This Sabil is located on the northern side of Bab al-Silsila immediately at the beginning of al-‘Ain (spring) steps connecting al-Wad Street and Bab al-Silsila Street. Access to it is easy, requiring a short walk along Bab al-Silsila Street until the first crossing to the right, namely, al-‘Ain steps crossing.
Al-Sabil Founder and the Khalidi Family
The founder who assigned this Sabil as a Waqf (religious endowment) is the pride of scholars and teachers, Muhammad San’allah al-Khalidi, son of Khalil al-Khalidi. The family name (al-Khalidi), the titles of the founder and those of his father as mentioned in the Waqf document indicate clearly that Muhammad San’allah al-Khalidi was a prominent dignitary of Jerusalem during that era. The roots of al-Khalidi family, as registered in the Waqf document, have a deep history into the early years of Islam and Khaled ibn al-Walid, the Prophet’s companion. The Khalidi family and its members had a pioneering role in the history of Jerusalem and Palestine. Many of its members assumed important, influential positions during and towards the end of the Ottoman period. Regarding the motives behind building the Sabil and who drinks from it, it was mentioned in the Waqf document that: ‘This Sabil was registered as a Waqf and its water was made available to gentelmen and all people, whether or residence or non-residence,e coming or going, and all people, purely for the countenance of Almighty Allah in wish for the great reward.’
Sabil’s Names and Plan
The Sabil is also known as Sabil Daraj al-‘Ain, or Sabil Daoud Road. Its plan is simple, composed of one room topped by a barrel vault. It was originally a store but was altered to serve as a Sabil. The interior is accessed through a door that is opened in its western wall, facing the eastern side of al-Jalqiyya mausoleum (1307 AD / 707H). On the southern side of the room is a wall with a double-window and a water trough from which passers-by took water. The Sabil stopped operating a long and unknown time ago, and the room has become a store used by al-Khalidi family.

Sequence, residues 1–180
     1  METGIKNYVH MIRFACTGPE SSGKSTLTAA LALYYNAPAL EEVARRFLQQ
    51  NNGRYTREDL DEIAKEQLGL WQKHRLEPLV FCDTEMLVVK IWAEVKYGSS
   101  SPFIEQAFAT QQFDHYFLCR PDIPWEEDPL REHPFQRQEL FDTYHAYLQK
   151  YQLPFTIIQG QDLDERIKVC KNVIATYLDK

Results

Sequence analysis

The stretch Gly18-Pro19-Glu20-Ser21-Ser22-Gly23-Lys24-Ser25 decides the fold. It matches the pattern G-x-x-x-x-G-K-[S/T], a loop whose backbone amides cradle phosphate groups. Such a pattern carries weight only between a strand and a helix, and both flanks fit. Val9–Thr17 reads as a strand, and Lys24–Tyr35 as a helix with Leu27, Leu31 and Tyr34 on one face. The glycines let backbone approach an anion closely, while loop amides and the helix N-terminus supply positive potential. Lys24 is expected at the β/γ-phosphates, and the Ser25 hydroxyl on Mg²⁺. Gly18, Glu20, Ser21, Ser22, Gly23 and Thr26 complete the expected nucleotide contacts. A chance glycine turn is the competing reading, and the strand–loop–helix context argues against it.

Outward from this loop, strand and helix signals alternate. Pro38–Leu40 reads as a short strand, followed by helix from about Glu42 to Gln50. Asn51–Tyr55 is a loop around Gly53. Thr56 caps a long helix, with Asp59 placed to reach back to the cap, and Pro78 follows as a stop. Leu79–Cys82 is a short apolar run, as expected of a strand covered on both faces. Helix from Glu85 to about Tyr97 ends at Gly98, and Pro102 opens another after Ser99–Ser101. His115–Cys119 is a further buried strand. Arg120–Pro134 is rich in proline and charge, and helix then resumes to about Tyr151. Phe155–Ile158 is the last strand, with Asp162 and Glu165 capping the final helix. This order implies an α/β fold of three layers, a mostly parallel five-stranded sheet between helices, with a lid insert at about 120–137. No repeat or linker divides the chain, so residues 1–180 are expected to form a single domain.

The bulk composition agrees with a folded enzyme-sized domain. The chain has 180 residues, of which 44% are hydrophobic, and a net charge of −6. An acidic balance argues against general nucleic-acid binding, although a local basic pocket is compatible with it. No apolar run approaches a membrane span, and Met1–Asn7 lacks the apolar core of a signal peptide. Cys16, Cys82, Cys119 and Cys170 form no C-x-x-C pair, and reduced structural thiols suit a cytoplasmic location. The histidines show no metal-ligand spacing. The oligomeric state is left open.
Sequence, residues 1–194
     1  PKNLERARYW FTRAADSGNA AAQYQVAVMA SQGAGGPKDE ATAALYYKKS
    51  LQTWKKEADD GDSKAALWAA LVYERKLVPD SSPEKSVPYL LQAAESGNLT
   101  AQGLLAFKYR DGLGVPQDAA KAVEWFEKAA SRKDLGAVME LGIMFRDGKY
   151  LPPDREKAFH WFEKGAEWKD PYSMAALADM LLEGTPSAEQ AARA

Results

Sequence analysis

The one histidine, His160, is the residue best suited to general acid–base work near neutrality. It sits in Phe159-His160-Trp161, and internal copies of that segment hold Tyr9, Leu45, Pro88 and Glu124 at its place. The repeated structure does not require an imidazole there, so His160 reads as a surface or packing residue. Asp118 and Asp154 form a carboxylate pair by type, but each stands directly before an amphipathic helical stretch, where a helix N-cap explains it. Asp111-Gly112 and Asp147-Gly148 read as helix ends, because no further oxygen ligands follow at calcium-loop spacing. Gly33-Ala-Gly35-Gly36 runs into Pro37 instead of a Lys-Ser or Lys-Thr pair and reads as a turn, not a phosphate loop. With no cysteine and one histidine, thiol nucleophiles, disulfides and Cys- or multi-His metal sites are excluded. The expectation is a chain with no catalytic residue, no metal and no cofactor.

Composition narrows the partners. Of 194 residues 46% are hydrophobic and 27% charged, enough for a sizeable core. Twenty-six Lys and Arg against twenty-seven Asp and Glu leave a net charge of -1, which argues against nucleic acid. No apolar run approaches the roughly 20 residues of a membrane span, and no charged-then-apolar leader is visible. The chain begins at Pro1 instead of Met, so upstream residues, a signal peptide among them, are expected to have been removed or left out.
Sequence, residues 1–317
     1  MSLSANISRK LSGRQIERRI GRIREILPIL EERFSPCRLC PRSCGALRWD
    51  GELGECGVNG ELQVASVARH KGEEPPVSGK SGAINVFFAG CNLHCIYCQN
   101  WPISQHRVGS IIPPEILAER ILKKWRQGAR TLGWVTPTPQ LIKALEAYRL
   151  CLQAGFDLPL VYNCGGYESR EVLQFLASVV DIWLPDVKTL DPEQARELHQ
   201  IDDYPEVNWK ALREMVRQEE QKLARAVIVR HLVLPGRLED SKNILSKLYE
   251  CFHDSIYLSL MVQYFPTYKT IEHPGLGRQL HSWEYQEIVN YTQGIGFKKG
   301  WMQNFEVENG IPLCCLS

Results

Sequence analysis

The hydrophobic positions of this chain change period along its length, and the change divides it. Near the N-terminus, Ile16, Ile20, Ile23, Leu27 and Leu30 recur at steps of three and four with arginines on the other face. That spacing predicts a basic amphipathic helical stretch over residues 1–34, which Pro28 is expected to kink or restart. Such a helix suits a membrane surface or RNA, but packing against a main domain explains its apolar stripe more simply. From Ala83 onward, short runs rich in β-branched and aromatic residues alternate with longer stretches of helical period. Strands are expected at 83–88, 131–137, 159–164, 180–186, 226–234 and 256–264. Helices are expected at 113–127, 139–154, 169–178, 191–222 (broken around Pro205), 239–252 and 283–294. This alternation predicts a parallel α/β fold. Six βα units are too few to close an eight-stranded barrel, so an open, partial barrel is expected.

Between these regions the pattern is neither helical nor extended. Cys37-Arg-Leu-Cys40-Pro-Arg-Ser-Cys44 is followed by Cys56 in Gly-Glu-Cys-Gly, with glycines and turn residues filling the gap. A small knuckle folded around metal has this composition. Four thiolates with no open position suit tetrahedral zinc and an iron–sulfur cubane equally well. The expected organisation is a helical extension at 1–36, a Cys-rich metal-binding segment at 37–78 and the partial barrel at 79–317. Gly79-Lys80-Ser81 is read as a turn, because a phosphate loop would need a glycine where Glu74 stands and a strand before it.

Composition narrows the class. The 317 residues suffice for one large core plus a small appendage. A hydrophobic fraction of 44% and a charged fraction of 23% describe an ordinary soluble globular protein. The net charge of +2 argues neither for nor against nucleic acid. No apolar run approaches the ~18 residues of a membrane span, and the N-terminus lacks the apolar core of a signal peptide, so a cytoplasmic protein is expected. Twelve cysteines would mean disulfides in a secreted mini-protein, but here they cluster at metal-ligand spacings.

The Sabil’s Servers and Simplicity
The founder was keen to appoint water supplier to provide water daily against a specific wage, and hence water was poured into the trough as needed and scooped in tin cans by people to quench their thirst. This water structure reflects the simplicity, or rather monotony and stagnation which characterized the architecture of Ottoman Jerusalem since the end of the 16th century, persisting until 1831. After the reign of Muhammad Ali Pasha in Jerusalem and Palestine and the return of the Ottoman reign, construction using traditional methods stopped, and modern European styles were adopted, which were markedly different from what was common in the Mamluk and Ottoman schools of architecture.
Similarity with Sabil Al-Shurbaji
Since this Sabil was established by a wealthy citizen of Jerusalem, as was the case with Sabil al-Shurbaji, there were common architectural and design characteristics connecting the two Sabils, in addition to the fact that both of them were originally commercial stores turned into Sabils. This Sabil belongs to the type of Sabils composed of one room with a double window.